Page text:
I live in a rural village and I do feel more in tune with the seasons than when I lived in Cambridge or London but there are edible treats to be had in the countryside near here that I often miss out on. I know they’re out there but most of the time I’m so caught up with family life and cooking with supermarket or at best farmers market-acquired food that I don’t think to go foraging.
This year I plan to remedy that a little.
March is a good month to start foraging – leaves are at their freshest and newest. Really good ingredients for salads and savoury sauces can be found easily. Parks and derelict land are just as good for foraging as full blown countryside.
Three plants to look for this month:
Hawthorn leaves (above left image). Their traditional country name is ‘bread and cheese’. The leaves emerge as little clusters and can be eaten straight from the hedgerow. They’re fresh, nutty and delicious.
(Note: On hawthorn bushes the leaves emerge first in early March, on blackthorn/wild plum bushes the blossom emerges first in late March).
Jack-by-the-hedge or Garlic mustard. The clue’s in the name – this grows at the base of hedges, is a relative of cabbage and rocket and has quite a strong flavour with a gentle hint of garlic. It grows in the US too.
At this time of year the plants form small clusters of roundish leaves close to the ground.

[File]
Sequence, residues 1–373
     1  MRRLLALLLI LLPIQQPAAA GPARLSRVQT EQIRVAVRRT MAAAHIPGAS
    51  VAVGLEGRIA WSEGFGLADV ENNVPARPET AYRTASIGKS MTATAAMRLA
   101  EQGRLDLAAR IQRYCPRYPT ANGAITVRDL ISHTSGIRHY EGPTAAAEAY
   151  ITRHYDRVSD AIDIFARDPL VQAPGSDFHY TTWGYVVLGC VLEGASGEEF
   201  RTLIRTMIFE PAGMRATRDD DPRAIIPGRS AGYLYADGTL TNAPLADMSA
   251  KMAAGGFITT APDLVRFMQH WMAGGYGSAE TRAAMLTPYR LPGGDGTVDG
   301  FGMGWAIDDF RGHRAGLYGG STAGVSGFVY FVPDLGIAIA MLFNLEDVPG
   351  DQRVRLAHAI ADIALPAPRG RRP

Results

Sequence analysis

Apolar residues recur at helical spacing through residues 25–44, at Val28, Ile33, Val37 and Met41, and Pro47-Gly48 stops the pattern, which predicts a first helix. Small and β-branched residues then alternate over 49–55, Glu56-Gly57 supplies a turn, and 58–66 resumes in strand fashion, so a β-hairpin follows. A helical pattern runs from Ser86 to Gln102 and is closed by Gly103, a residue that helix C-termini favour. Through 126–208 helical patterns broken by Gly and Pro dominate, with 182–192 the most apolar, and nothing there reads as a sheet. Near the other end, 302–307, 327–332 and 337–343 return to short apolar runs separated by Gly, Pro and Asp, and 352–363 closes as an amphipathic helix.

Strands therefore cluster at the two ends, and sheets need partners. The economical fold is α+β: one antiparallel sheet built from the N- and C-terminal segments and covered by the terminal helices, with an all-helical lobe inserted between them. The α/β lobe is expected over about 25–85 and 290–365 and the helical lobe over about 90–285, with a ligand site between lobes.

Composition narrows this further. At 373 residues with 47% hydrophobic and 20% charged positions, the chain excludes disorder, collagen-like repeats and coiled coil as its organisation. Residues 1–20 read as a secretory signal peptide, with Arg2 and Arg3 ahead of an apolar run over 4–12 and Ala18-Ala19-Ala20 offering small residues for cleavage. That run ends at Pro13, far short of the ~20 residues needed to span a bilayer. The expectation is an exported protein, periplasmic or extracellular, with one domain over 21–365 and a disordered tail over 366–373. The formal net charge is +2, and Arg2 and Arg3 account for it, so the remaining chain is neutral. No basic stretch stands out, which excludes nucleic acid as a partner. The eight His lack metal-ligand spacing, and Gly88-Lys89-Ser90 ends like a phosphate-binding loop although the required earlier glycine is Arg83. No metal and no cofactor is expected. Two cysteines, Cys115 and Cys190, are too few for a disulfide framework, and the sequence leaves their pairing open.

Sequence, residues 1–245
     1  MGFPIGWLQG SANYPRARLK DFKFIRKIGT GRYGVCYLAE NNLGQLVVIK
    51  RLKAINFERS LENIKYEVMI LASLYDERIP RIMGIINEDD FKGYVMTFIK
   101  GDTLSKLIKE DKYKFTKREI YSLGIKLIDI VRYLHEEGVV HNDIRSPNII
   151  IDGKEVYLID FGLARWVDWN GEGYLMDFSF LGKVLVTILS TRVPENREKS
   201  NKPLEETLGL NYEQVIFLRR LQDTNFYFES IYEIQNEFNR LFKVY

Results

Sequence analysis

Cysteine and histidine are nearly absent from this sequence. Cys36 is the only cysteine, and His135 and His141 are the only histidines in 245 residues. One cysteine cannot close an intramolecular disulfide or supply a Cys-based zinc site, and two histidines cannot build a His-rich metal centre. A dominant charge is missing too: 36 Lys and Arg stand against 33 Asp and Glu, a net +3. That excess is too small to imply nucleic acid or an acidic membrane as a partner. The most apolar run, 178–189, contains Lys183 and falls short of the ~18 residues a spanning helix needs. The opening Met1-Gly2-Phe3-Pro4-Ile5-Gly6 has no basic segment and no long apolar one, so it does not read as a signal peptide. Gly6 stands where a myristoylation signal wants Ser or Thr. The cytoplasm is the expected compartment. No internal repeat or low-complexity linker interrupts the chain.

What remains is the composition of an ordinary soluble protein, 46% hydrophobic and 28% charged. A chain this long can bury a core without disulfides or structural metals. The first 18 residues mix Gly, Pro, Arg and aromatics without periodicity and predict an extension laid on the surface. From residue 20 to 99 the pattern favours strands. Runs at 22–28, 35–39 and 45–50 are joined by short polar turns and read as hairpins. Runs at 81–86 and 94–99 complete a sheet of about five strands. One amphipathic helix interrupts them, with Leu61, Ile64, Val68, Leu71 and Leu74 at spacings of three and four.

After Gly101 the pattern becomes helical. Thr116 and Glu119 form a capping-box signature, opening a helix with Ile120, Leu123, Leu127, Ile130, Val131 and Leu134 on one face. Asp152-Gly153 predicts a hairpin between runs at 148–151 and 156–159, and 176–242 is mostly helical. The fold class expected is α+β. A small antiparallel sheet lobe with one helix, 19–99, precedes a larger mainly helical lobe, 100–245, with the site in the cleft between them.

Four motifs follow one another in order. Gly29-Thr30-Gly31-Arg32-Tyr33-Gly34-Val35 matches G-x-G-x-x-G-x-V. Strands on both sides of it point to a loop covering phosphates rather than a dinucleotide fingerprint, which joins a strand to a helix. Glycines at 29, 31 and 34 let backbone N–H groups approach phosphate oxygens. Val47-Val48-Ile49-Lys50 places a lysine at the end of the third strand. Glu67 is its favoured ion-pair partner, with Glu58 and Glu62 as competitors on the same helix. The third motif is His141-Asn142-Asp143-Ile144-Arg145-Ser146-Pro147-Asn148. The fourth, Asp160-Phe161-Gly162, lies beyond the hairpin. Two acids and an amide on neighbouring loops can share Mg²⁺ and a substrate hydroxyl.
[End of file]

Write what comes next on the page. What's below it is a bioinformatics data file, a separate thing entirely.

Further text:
Image borrowed from here
They are easiest to identify when they flower in May though – the plants grow quite tall (about 50-100cm), the leaves are more pointed and the flowers are tiny and white with four petals.
Wild chervil or cow parsley. For years I didn’t realise that cow parsley (pretty much my favourite plant) was also edible. The fresh growth at this time of year is the best – it can get bitter later in the year.
There are plants that look similar but are harmful, especially water dropworts -I know the plants I picked are cow parsley simply because I’ve watched them flowering for several years.
In the US March is a good time to forage for Miner’s lettuce or winter purslane.
What to cook with your foraged greens
Any of these plants can be eaten raw and are delicious additions to salads.
The leaves can be whizzed up with basil and/or rocket, pine nuts, garlic and good oil in pesto (Nigella roasts her garlic but I don’t bother).
They may also give delicious fresh flavours to salsa verde which can be served with grilled or roasted meat or fish.
Stay tuned for more foraging later in the year.
It took me a year or two to be confident about the few plants I do forage. If you are doubtful about the plants you might find then maybe consult a book (e.g. Food for Free by Richard Mabey or River Cottage Hedgerow) or someone who forages regularly.
Edited to add: Diana at Pebbledash just told me about this website – www.eatweeds.co.uk – it looks fantastic for foraging recipes.